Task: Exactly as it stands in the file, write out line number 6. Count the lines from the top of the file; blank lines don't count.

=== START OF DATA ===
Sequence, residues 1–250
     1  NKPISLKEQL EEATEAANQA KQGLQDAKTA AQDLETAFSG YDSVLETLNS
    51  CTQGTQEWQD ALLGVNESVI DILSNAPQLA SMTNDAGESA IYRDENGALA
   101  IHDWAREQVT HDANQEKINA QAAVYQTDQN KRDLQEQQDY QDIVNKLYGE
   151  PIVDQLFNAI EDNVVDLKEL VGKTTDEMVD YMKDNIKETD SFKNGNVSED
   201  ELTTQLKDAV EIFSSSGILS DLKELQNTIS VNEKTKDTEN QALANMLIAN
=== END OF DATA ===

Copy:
   201  ELTTQLKDAV EIFSSSGILS DLKELQNTIS VNEKTKDTEN QALANMLIAN